Breast cancer cells with a high nuclear grade and low or negative hormone receptor expression are typically associated with more aggressive disease. The loss of normal cell-cell interactions, high mitotic count, nuclear pleomorphism, and loss of normal hormone receptor expression have also been associated with cell cycle abnormalities, including overexpression of cyclins and down-regulation of cyclin-dependent kinase inhibitors ( 17, 18). Thus, due to their more rapid cellular turn-over, high-grade, ER-negative breast cancers are more likely to respond to chemotherapeutic treatment with a decrease in tumor size, and are more likely to achieve a pCR ( 10, 19– 23). Nevertheless, despite the attainment of a pCR, patients with ER-negative, high-grade lesions have an overall poor prognosis ( 19). This paradox, that the same biological markers involved in chemotherapeutic response are associated with poor outcomes, underscores the significance of new marker discovery to improve both prognostic determination and subsequent treatment strategies and trial design.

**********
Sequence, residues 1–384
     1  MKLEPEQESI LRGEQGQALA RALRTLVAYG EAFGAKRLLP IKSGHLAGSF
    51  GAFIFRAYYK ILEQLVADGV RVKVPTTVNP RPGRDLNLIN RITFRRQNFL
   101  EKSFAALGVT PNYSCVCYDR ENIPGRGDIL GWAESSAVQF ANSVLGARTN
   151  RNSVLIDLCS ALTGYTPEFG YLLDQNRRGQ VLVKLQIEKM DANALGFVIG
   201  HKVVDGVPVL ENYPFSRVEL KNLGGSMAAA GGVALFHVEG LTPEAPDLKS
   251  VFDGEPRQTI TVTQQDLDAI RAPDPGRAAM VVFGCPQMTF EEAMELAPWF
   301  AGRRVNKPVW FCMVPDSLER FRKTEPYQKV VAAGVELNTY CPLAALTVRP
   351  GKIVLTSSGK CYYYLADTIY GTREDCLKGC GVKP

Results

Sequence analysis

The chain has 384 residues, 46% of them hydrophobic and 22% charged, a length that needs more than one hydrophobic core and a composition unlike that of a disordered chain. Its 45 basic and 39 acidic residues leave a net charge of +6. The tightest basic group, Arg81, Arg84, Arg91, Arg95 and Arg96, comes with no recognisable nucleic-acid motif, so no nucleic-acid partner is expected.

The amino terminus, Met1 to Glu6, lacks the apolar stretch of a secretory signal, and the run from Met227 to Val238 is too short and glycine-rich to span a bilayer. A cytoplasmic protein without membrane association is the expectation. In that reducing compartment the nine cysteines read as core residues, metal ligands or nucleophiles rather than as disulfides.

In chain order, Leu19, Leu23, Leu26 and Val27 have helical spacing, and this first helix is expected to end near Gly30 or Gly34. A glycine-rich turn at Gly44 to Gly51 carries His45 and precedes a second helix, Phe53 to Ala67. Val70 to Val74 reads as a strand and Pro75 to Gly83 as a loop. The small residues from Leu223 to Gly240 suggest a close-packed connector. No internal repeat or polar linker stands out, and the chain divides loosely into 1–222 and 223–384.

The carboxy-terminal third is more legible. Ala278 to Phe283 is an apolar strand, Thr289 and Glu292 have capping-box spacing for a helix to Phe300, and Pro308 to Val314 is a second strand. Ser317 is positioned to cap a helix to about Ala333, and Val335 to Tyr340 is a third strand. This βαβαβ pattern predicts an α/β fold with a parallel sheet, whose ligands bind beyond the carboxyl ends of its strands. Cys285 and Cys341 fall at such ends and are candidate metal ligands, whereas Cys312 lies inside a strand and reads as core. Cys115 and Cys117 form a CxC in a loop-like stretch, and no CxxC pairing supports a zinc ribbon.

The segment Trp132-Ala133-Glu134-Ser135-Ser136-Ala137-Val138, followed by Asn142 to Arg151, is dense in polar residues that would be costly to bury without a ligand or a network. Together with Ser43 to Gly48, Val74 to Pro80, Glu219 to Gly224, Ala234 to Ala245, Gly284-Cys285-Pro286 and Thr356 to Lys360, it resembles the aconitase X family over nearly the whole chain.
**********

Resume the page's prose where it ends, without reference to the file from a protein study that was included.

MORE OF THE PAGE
Breast cancers are routinely evaluated by stage, which reflects the macroanatomic nature of disease, and pathologic grade, which reflects the microanatomic nature of cancer. The significance of stage and grade lies in their contribution to the determination of disease prognosis and treatment. Currently, the accuracy of stage and grade is not refined, which results in subsets of patients being undertreated and overtreated, either of which may lead to unnecessary morbidity or untimely death. New methods for evaluating breast cancer are necessary to bring critical refinement to the management of this disease. The addition of a molecular staging to the traditional stage and grade designations may help to facilitate this refinement. To this end, clinical trials are currently under way to examine the utility of signature gene profile DNA microarrays as a novel means for establishing breast cancer prognosis ( 24). The Oncotype DX assay, which uses 21 genes to predict breast cancer recurrence in patients with early stage breast cancer, is actively being incorporated into clinical practice and clinical trials to aid in prognosis determination and to evaluate the predictive ability of the assay ( 25).